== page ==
Registration Dossier

Administrative data

Endpoint:
multi-generation reproductive toxicity
Remarks:
based on test type (migrated information)
Type of information:
experimental study
Adequacy of study:
key study
Reliability:
2 (reliable with restrictions)
Rationale for reliability incl. deficiencies:
other: comparable to guideline study

Data source

Reference
Reference Type:
publication
Title:
Teratology and multigeneration reproduction studies with maleic anhydride in rats.
Author:
Short RD, Johannsen FR, Levinskas G J, Rodwell DE & Schardein JL.
Year:
1986
Bibliographic source:
Fundam. Appl. Toxicol. 7: 359-366.

Materials and methods

Test guideline
Qualifier:
equivalent or similar to guideline
Guideline:
OECD Guideline 416 (Two-Generation Reproduction Toxicity Study)
Deviations:
yes
Remarks:
three-generation study
GLP compliance:
not specified
Limit test:
no

Test material

Reference
Name:
Unnamed
Type:
Constituent
Details on test material:
Maleic anhydride (99.7%)

Test animals

Species:
rat
Strain:
Sprague-Dawley
Sex:
male/female
Details on test animals or test system and environmental conditions:
Adult CD rats (Charles River Breeding Laboratories, Wilmington, Mass.), approximately 12 weeks of age, were used in the teratology study.
All rats were acclimated to the laboratory for at least 10 days prior to initiating a study. Rats were individually housed, except during mating and lactation, in wire mesh cages or plastic cages with corn-cob bedding. All animals were maintained in environmentally controlled rooms with 12-hr photoperiods and given free access to feed (Purina Rodent Chow, Ralston-Purina, St. Louis, Mo.) and water.

Administration / exposure

Route of administration:
oral: unspecified
Vehicle:
corn oil
Details on exposure:
Maleic anhydride was suspended in corn oil as described previously; however, the concentration was varied so that the desired dose could be administered orally in a volume of 10 ml/kg.

Details on mating procedure:
During the mating period each male was housed with two females for up to 15 days. The females were examined daily for evidence of mating as revealed by vaginal plugs or sperm-positive vaginal smears.
Analytical verification of doses or concentrations:
not specified
Details on analytical verification of doses or concentrations:
no data
Duration of treatment / exposure:
Exposure period: Pre-mating and throughout mating, gestation and lactation.
Premating exposure period: F0 and F1, a minimum of 80 days
Frequency of treatment:
Frequency of treatment: 7 days/week
Doses / concentrations
Remarks:
Doses / Concentrations:
0,20, 55, and 150 mg/kg
Basis:
nominal in diet
No. of animals per sex per dose:
10 males and 20 females per group
Control animals:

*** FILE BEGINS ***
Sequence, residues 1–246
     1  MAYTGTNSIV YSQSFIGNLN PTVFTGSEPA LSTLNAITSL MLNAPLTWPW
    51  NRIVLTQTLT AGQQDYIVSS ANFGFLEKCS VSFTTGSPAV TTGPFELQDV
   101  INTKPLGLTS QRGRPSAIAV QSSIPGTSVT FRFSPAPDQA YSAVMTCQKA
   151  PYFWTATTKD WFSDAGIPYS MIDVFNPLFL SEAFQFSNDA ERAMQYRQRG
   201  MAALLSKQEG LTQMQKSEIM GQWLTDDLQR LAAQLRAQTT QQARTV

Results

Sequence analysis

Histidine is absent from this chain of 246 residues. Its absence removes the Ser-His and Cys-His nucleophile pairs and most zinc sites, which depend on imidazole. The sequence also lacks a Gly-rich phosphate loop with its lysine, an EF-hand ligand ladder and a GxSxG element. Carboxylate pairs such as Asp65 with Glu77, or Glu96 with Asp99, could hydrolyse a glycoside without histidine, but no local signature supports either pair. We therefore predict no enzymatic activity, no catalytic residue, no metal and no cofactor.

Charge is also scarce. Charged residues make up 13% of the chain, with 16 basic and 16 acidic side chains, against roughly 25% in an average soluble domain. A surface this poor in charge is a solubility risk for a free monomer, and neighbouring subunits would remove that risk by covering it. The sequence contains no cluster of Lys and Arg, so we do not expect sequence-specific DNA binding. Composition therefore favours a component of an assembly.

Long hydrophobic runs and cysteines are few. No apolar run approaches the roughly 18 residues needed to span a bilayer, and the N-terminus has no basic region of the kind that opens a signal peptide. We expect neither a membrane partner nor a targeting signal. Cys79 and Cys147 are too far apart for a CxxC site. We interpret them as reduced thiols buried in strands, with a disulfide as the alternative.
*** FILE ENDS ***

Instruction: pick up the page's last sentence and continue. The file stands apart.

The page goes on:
yes, concurrent no treatment
Details on study design:
no data
Positive control:
no

Examinations

Parental animals: Observations and examinations:
yes
Oestrous cyclicity (parental animals):
no data
Sperm parameters (parental animals):
no data
Litter observations:
yes
Postmortem examinations (parental animals):
yes
Postmortem examinations (offspring):
yes
Statistics:
Statistical analysis: Several different statistical methods were used to compare measurements made on test animals to the corresponding values determined for controls. The methods and the measurements to which they were applied are analysis of variance and Dunnett's test (Steel and Torrie, 1960) for adult body weights, litter size, and pup body weights; Fisher's exact probability test (Siegel, 1956) for mortality and fertility data; Mann-Whit-ney U test (Siegel, 1956) for fetal body weights; and x2 test with Yates' correction or Fisher's exact probability test (Siegel, 1956) for litters with anomalies. In all instances, p < 0.05 was selected as the level of significance.
Reproductive indices:
no data
Offspring viability indices:
no data

Results and discussion

Results: P0 (first parental generation)

General toxicity (P0)

Clinical signs:
effects observed, treatment-related
Body weight and weight changes:
effects observed, treatment-related
Food consumption and compound intake (if feeding study):
effects observed, treatment-related
Organ weight findings including organ / body weight ratios:
not specified
Histopathological findings: non-neoplastic:
effects observed, treatment-related
Other effects:
effects observed, treatment-related

Reproductive function / performance (P0)

Reproductive function: oestrous cycle:
not specified
Reproductive function: sperm measures:
not examined
Reproductive performance:
not specified

Details on results (P0)

With the exception of a few cases of respiratory rales, the clinical appearance and behavior of these F0 rats were not remarkably different from those of their controls. Respiratory rales also occurred in F1l rats, and the incidence and severity appeared to increase with dose. In addition, these rats often vigorously resisted handling at the time of dosing. This behavior may be related to irritating effects of maleic anhydride or a taste aversion to the test material. In the F0 generation, significant mortality occurred in adults of both sexes from the high-dose group. The F1 generation had a greater number of deaths, many of which were attributed to gavage-related injuries. If these traumatic deaths are omitted, mortality in the F1 generation tended to parallel that of the F0 generation except for the increase recorded for low-dose males. One animal in the latter group died of interstitial pneumonia.
While no cause could be identified, the three other deaths in this group are not believed to be compound-related because no deaths among mid-dose males were attributed to the test material and characteristic compound-induced lesions discussed subsequently were not noted.
Adult body weights were not affected in the low-dose groups. While there were some differences in mean body weights between control animals and those of the mid-dose group, none of the differences was statistically significant. In the high-dose group, mean body weights of both sexes of the F0 generation were significantly reduced by Week 11, and this reduction persisted for the remainder of the test. The F1 generation showed a pattern that was roughly similar, except that the only significantly depressed mean body weight occurred in high-dose males at 30 weeks.
Fertility was significantly reduced in the experimental groups at several times. However, there was neither a dose-related reduction nor a pattern within a generation hat suggested the presence of a treatment-reated effect.

Effect levels (P0)

Dose descriptor:
LOAEL
Effect level:
20 mg/kg bw/day
Sex:
male/female

Results: F1 generation

General toxicity (F1)

Clinical signs:
not specified
Mortality / viability:
not specified
Body weight and weight changes:
effects observed, treatment-related
Sexual maturation:
no effects observed